The Place des Vosges is the oldest planned square in Paris. This square is located in the district known as Le Marais and lies between the 3rd and 4th municipal arrondissements of Paris. The site has five attractions within a 1 km radius with the closest being the Musée Carnavalet and Saint Paul-Saint Louis, a church in the Marais district. This area is now a very peaceful place that is perfect to relax in. It is also surrounded by a lot of shops and arcades.
A Royal pavilion was commissioned by King Henry IV during the year 1604 and was built at the southern end of the square. This building was designed by Baptiste du Cerceau, who had designed quite a few structures in Paris during his time. The King did not want the other buildings to contrast with the design of the Royal pavilion so he ordered all surrounding buildings to take on the same design. There were 35 other buildings surrounding the square. This was one of the earliest examples of urban planning in France. It was due to the meticulous demands of the king that the square developed a symmetric and harmoniously beautiful design. The Royal pavilion, which lies on the southern end, is called the King’s pavilion. A structure mirroring this building on the northern end was built and named the Queen’s pavilion.
Hôtel de Tournelles
Before the Royal pavilion was built, another iconic structure stood in the northern end of the square. This was known as the Hôtel de Tournelles and was a grand building which was built during 1388. This was used by the Royal family up until the mid 16th Century. This was because in the year 1559, King Henry II was badly wounded on the site during a tournament. He passed away ten days later at Hôtel de Tournelles. The building was demolished by the order of Catherine de Medicis, the Queen, after the tragic incident.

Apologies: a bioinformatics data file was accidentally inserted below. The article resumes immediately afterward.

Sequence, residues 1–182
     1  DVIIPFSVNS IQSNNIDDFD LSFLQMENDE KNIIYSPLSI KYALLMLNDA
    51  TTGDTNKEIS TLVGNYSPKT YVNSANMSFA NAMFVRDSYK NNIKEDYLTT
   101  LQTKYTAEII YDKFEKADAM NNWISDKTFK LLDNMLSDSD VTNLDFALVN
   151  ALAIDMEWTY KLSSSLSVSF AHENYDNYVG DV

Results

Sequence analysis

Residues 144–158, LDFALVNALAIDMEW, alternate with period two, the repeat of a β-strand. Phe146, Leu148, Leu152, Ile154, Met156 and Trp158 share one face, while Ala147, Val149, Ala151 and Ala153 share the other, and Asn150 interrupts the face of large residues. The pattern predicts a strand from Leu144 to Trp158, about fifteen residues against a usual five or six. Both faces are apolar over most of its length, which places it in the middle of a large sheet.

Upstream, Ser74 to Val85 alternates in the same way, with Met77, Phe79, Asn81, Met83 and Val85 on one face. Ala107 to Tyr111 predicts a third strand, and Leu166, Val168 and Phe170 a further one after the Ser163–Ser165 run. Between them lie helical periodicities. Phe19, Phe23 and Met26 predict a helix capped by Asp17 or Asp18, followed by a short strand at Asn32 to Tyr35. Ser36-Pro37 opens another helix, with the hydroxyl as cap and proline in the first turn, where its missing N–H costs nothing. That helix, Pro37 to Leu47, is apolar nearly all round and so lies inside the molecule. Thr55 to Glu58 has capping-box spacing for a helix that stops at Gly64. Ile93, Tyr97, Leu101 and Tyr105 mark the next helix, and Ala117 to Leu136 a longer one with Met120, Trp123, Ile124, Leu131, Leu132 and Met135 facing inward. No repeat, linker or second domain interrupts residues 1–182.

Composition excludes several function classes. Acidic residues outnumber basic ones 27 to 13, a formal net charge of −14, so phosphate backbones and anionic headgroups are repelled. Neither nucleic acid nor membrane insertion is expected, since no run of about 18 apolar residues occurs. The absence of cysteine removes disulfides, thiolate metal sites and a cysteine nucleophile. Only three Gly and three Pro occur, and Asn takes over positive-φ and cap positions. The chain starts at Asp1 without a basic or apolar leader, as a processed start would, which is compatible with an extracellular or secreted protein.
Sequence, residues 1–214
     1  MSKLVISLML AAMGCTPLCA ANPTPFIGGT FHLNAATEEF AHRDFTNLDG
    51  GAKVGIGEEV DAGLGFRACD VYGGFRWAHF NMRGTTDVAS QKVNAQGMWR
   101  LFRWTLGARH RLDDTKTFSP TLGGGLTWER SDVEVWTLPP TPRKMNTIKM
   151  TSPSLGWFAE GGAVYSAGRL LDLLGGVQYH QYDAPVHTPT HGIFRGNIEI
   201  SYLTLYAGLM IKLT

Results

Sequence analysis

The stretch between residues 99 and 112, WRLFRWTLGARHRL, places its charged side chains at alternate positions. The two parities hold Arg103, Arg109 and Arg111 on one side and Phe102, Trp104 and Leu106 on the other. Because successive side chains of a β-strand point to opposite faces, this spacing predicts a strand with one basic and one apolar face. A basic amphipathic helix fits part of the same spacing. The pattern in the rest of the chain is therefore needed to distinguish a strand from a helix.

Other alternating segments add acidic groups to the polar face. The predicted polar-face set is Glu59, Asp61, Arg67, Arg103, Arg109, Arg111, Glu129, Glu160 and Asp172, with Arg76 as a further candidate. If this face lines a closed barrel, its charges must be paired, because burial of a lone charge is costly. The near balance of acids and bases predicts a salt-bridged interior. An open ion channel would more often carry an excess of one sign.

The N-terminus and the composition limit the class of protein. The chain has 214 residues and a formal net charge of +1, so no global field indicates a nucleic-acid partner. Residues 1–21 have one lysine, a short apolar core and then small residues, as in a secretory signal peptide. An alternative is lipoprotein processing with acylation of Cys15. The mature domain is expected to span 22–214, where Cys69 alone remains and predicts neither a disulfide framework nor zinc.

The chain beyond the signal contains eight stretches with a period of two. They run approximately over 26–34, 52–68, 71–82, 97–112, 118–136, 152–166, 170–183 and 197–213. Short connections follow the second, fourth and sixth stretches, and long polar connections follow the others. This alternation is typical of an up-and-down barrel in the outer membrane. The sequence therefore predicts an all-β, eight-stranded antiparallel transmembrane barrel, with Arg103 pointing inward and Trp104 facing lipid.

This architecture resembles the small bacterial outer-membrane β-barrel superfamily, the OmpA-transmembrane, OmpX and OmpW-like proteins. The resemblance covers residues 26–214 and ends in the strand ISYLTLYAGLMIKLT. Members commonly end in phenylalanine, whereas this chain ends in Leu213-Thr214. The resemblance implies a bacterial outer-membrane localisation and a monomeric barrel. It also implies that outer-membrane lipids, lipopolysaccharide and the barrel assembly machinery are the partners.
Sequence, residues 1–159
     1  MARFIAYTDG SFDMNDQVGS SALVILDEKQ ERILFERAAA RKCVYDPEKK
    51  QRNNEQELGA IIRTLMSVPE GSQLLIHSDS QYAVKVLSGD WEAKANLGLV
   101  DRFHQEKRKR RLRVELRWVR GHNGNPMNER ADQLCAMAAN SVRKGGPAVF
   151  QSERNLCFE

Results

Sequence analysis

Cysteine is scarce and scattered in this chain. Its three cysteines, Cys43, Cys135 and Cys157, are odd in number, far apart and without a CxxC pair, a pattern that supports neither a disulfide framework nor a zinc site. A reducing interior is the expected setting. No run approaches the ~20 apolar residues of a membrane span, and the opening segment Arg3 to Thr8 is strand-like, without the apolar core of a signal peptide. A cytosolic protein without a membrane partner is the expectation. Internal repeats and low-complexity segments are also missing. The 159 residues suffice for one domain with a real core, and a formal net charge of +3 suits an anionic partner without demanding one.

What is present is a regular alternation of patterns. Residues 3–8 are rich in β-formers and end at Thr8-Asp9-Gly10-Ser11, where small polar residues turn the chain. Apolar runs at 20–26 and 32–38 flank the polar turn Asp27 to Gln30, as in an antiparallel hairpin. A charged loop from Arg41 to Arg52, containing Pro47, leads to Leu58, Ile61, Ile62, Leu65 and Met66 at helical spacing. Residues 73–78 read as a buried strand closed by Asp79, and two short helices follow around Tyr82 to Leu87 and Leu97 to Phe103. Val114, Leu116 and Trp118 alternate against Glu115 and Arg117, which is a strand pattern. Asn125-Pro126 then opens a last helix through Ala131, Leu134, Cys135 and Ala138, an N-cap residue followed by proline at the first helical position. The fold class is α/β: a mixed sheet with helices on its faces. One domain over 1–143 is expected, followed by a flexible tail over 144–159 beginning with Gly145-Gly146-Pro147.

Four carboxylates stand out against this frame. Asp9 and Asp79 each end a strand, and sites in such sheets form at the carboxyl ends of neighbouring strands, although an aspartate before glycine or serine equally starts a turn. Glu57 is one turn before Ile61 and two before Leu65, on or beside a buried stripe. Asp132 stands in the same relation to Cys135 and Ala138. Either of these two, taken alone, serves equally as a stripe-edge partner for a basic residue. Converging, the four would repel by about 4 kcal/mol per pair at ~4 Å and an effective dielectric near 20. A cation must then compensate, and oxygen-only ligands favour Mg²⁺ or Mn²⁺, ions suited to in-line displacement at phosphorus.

In the year 1612, the square was officially inaugurated and called “Place Royale”. It was not a public place during this time and was a merely a vast lawn used for duels and other activities. Later, an equestrian statue was built of King Louis XIII and placed in the square. This was torn down during the French Revolution, but reconstructed in 1825. The statue still stands there today.
It was Napoleon who changed the name of “Place Royale” to what it is now known as Place des Vosges. This was to pay tribute to the first department to pay taxes in Paris, the Vosges department. A number of great Frenchmen lived in the square. Among them was Victor Hugo, the author of the well known Hunchback of Notre-Dame. He spent most of his days writing Les Miserables on the second floor of Hôtel de Rohan-Guéménée. This house is now called Maison de Victor Hugo. It serves as a museum where people can visit rooms where Hugo’s books and drawings are kept.